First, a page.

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2011-03-28 The Internet: Can't Live with It or without It
    2011-03-25 16:56:29     CRIENGLISH.com      Web Editor: luyuan

      

The Internet is too lovely for people to hate. Any information you want is only a few clicks away. No matter where you are, there will be a way in cyber space that keeps you in touch with your loved ones. Business opportunities are so abundant online that the whole way of trading is being viewed in a new light. Money changed hands in a click of a second without the hassle of dealing with paper money. And public debate has never been so robust, courtesy of the unstoppable Internet: You can't destroy it if you try to. The Internet has truly become a daily essential to almost every member of any modern society. And already two billion strong, the virtual kingdom is still expanding.

But if you look at the other side of the coin, the Internet also makes people worry. While ostensibly helping people to communicate, the Internet alienates people in a way that the intimate face-to-face chitchat is often replaced by messages popping up on cold LCD screens, heartfelt snail mails supplanted by fast but tepid emails and a virtual world eats into the real life. Studies also showed that the Internet even changed people's way of thinking. Under the influence of the Internet, people now suffer from shortened attention span, less interest in reflection and introspection and even inability to engage in in-depth thought.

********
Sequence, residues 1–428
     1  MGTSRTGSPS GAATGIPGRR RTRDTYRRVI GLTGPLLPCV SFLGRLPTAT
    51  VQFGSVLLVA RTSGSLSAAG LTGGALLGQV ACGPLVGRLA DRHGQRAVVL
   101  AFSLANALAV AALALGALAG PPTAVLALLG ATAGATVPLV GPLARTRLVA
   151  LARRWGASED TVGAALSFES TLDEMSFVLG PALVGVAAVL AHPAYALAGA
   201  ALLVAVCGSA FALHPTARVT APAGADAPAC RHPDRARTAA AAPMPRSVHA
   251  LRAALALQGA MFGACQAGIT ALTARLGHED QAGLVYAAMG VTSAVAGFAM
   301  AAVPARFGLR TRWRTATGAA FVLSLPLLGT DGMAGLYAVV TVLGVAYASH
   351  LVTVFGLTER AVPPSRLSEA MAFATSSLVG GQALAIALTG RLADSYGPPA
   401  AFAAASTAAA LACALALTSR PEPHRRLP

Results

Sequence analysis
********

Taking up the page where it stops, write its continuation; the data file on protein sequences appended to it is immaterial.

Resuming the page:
So what are the major impacts brought about by the Internet on people's lives? And how should we view the fact that the Internet has brought us so close and distanced us further apart?

Ni hao, you're listening to  People In the Know, bringing you insights into the headline news in China and around the world, I'm Zheng Chenguang in Beijing.  In this edition of the show, we'll take a look at the impact brought about by the Internet on people's lives.

We are joined by Prof. Christian Fuchs, Chair in Media and Communication Studies with the Department of Informatics and Media under the Uppsala University in Sweden, and Yang Boxu, Professor of International Communication and Research Methodology at the School of Journalism and Communication under the Peking University.

 
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